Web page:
Visibility of Comet PanSTARRS in the Northern Hemisphere (Credits: NASA).

Visibility of Comet PanSTARRS in the Northern Hemisphere (Credits: NASA).

€359 is the price for the special, two hour flight that 88 lucky amateur astronomers will take to watch the PanSTARRS comet on March 16. The Bonn-based travel agency, Eclipse Travel, has joined charter agency Air Partner and airline Air Berlin to offer astronomy enthusiasts an amazing view of the comet, expected to fly through the Northern Hemisphere by next Thursday.

The comet is already visible in the Southern Hemisphere. “Observers [..] say the comet can be seen with the naked eye even through city lights. Currently, it is about as bright as the stars of the Big Dipper. The comet could become even brighter when it moves into Northern Hemisphere skies in the second week of March,” SpaceWeather.com reports.

PanSTARRS was discovered in June 2011 by the Panoramic Survey Telescope and Rapid Response System (Pan-STARRS), which sits atop the Haleakala volcano in Hawaii. A comet is an icy small Solar System body that, when close enough to the Sun, displays a visible thin, fuzzy, temporary atmosphere and sometimes also a tail. This is due to the effects of solar radiation and the solar wind upon the nucleus of the comet, composed of loose collections of ice, dust, and small rocky particles.

According to NASA, the comet “will make its closest approach to the Sun about 45 million kilometers away on 10 March. As it continues its nightly trek across the sky, the comet may get lost in the Sun’s glare but should return and be visible to the naked eye by March 12. As time marches on March, the comet will begin to fade away slowly, becoming difficult to view (even with binoculars or small telescopes) by month’s end.”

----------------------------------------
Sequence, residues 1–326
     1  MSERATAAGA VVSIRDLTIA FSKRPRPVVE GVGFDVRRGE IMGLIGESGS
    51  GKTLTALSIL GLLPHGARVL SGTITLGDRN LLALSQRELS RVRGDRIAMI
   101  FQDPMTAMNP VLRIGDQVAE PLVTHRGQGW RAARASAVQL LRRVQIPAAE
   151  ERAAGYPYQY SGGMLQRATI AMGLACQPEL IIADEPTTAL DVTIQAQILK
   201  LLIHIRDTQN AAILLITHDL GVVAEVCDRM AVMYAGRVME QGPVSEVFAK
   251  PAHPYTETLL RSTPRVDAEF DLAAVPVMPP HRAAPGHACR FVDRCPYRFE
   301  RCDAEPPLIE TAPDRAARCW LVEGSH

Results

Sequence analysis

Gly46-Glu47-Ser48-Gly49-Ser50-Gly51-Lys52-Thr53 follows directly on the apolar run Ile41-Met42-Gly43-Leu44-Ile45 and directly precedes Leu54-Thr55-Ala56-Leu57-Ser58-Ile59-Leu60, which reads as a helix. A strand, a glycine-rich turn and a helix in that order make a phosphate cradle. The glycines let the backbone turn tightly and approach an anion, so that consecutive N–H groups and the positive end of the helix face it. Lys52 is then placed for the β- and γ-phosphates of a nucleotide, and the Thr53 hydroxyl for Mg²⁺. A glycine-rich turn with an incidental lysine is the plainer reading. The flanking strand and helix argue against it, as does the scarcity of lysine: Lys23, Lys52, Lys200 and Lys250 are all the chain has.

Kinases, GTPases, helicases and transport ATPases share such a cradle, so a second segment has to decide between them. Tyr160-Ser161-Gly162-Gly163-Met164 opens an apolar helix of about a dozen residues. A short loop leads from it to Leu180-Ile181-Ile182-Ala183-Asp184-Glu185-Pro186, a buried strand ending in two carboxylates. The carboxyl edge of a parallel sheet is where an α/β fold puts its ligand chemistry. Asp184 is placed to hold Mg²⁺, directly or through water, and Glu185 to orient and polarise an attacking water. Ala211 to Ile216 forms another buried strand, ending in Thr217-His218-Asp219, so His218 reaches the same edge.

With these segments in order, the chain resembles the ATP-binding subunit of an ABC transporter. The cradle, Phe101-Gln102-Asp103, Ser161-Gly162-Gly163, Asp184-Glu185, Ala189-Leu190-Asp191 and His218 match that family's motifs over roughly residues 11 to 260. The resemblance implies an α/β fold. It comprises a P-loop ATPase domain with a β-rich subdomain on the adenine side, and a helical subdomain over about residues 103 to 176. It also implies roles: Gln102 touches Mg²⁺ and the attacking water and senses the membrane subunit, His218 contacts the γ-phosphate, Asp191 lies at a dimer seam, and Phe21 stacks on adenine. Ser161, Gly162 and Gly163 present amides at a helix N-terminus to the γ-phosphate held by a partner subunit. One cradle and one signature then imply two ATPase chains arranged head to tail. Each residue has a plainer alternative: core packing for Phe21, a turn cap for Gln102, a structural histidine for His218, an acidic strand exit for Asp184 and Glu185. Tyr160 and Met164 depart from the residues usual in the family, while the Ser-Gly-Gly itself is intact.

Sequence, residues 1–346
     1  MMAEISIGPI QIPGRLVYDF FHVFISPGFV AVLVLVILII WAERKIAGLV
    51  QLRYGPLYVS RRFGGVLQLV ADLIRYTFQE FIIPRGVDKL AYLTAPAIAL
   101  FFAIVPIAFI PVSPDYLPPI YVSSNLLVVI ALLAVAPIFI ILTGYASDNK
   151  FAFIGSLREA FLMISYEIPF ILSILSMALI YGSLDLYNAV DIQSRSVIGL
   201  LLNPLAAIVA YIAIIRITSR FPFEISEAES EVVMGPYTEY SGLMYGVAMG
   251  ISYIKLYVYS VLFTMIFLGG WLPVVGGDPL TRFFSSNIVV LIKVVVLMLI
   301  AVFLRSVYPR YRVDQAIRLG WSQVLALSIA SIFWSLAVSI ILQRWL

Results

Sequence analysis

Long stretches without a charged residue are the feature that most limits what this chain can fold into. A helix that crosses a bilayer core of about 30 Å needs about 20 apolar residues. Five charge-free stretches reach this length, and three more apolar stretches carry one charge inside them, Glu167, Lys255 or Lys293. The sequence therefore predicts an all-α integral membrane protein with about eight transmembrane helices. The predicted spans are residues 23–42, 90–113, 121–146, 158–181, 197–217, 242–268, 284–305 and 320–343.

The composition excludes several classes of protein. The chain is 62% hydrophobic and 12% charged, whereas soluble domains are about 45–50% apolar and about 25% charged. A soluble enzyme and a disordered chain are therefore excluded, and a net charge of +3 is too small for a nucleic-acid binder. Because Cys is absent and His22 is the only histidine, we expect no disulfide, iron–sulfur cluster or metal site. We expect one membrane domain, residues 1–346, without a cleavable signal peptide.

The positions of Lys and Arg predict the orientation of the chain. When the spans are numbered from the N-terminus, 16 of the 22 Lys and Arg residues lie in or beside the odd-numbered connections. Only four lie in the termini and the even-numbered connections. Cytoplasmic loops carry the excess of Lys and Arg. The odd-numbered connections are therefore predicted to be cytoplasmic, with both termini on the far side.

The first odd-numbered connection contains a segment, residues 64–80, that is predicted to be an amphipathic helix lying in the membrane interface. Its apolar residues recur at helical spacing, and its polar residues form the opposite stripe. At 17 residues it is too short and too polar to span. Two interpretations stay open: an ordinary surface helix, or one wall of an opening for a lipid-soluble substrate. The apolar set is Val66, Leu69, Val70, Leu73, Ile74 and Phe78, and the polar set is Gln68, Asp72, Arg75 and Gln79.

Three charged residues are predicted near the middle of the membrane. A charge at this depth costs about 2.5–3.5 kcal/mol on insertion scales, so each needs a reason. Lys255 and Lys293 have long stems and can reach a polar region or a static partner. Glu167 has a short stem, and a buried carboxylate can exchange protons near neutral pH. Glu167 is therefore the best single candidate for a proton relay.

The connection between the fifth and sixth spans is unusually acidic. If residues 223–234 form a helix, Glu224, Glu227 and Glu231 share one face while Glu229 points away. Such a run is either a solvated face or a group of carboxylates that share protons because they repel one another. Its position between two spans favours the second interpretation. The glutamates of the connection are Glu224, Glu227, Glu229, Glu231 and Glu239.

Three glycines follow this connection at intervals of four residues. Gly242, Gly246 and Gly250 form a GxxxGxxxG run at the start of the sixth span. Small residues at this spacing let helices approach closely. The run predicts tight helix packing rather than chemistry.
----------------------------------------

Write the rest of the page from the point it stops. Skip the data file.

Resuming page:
To see this wonder, Eclipse Travel passengers are welcomed at the gate with a buffet of Rhineland regional specialties, waiting for the departure scheduled at 19.25. The Boeing 737-700 flight will zig-zag at 11,000 meters altitude above the clouds and two-thirds of the Earth’s atmosphere, as an astronomy expert will holds a lecture on the comet. “If the weather is very good and the air is clear you can certainly see the comet from Earth,” said Karsten von dem Hagen, Air Berlin’s Teamleader Sales Ad Hoc Flights. “But at an altitude of 11,000 meters you are most likely above the clouds. The air there is thinner, clearer and cleaner, which enables better observation of the comet.”

If you won’t be able to see PanSTARRS next week, do not worry, another comet will pass close to Earth in November. Comet ISON was discovered by two amateur astronomers in Russia in 2012. If not destroyed by the Sun, it has the potential to be so bright that it might be visible in daylight, without booking any special flight.

Below, NASA explains the origins of Comet PanSTARRS and viewing opportunities: